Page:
A shear layer is a narrow band of flow at the outer boundary of a building wake where the outer side of the band is equal to unobstructed wind speed and the flow on the inner side is slowed by the presence of the buildings and is drawn into the highly turbulent recirculating flow.
Shear flow will develop at the windward corners of the building including the roof.
If the airflow has enough building length to reattach and form a recirculation bubble a sheer layer may also develop at the leeward corners.
Sheer layers are not a fixed feature.
They flap inward and outward as the wake shifts in time.
Passing through a sheer layer may cause RPAS instability due to a shifting and uneven distribution of wind force across the aircraft.
RPAS instability can also result from high intensity turbulence within urban airflow.
Atmospheric turbulence is a disorderly movement of eddies in the atmosphere.
Atmospheric turbulence intensity is a measure of the fluctuation in wind speed caused by turbulence in comparison to the average wind speed.
The continuous change of air flow in both direction and speed causes rapidly changing forces on RPAS which increase as the turbulence intensity increases. Within the urban environment turbulence intensity can be four times more severe than in the free atmosphere above open country.
Turbulence can also manifest in the form of building-induced vortex shedding.
The type of vortex shedding is dependent on wind direction and building orientation.
Vorticity can develop in a side-to-side vortex shedding pattern.
The wind approaching some structures at some angles may cause counter-rotating wake vortices that rotate about a vertical axis and are shed from the leeward building face in a side to side sequence.
The size of the shed vortices is similar to the width of the building.
Coordinated vortices can also appear within rooftop wakes.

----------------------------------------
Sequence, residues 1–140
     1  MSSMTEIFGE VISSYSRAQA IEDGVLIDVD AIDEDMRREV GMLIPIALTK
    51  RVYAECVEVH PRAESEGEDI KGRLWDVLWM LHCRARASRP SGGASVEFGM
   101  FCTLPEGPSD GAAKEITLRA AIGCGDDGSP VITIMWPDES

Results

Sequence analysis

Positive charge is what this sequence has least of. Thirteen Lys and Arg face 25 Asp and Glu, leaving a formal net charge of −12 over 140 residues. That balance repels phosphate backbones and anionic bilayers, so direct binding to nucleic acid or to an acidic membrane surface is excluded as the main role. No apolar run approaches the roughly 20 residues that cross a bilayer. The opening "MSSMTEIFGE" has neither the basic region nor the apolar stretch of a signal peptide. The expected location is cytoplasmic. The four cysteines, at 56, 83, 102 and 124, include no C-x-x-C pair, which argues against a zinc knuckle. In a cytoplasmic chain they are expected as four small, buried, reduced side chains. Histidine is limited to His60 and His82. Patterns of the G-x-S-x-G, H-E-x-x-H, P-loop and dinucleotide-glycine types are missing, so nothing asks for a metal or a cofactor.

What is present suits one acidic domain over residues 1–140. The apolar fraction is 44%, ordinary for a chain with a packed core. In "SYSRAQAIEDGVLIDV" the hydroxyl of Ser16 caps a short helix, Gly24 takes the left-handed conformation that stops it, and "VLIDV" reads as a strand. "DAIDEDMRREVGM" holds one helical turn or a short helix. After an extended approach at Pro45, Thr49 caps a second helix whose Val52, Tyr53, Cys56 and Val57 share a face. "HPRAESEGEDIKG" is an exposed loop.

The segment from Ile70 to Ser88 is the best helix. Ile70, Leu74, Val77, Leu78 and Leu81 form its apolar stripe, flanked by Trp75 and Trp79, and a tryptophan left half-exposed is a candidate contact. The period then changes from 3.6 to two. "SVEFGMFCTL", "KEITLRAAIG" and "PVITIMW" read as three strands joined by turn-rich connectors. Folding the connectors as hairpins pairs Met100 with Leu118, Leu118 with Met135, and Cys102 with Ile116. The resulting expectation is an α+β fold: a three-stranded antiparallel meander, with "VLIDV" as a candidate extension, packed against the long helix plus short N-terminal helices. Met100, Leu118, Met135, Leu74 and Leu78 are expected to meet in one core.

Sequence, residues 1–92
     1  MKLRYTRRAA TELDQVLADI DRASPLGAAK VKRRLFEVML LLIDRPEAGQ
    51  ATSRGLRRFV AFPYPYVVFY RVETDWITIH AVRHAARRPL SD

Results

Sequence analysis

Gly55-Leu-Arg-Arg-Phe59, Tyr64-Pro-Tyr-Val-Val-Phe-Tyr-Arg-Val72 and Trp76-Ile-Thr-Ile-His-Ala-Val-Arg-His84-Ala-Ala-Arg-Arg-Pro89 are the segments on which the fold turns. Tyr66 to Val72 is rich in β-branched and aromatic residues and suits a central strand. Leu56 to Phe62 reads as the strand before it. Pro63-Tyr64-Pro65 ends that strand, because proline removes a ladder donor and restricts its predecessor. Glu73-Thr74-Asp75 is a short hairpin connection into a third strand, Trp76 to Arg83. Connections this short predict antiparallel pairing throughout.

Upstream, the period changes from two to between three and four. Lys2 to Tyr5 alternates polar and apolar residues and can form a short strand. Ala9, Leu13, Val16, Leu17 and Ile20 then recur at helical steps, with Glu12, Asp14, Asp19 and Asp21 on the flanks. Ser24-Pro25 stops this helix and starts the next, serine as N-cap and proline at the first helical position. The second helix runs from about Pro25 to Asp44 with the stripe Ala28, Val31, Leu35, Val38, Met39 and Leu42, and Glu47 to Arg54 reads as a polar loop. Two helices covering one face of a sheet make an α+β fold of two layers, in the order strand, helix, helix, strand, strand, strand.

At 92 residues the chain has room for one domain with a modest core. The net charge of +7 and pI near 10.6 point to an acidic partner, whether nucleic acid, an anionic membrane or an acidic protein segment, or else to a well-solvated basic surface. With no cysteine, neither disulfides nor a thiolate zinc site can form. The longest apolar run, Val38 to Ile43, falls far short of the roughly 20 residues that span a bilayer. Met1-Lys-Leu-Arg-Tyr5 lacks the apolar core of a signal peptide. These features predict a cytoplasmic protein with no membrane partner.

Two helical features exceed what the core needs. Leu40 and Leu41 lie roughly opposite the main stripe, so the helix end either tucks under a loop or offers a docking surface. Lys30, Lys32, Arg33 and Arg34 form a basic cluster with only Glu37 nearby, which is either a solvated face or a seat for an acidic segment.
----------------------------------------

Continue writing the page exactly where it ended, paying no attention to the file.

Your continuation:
If the wind approaches the building face at an angle two strong rooftop counter rotating vortices emanate from the windward corner of the roof with a horizontal trajectory.
Horizontal vortices can be a stability hazard to RPAS as they apply an overturning force to the aircraft particularly if the vortex and RPAS are similar in size.
RPAS users must also watch for icing conditions.
In addition to operational hazards due to the complex airflow within the urban environment for cold conditions instabilities caused by ice secretion impact the performance of rotor blades potentially making it impossible for the RPAS to fly.
For rotor diameters under 350 millimeters the quick buildup of ice can reduce thrust by 50 percent in less than 30 seconds.
Icing conditions are a consideration along with speed direction shear turbulence and vorticity. S D S T V.
As each adds potential weather-induced hazards within the urban environment that RPAS users should be aware of when planning or maneuvering through a flight path.
To reduce the risk of adverse wind effects on your RPAS operations flying in calm conditions is advised which occur more often in mornings and evenings.
This urban air flow awareness video has been presented to you by Transport Canada's RPAS task force with the support from the aerodynamics lab at the National Research Council of Canada and RWDI.
For related RPAS information go to the Transport Canada website at www.canada.ca/drone-safety.
Supporting research document: Urban airﬂow: what drone pilots need to know - NRC Publications Archive - Canada.ca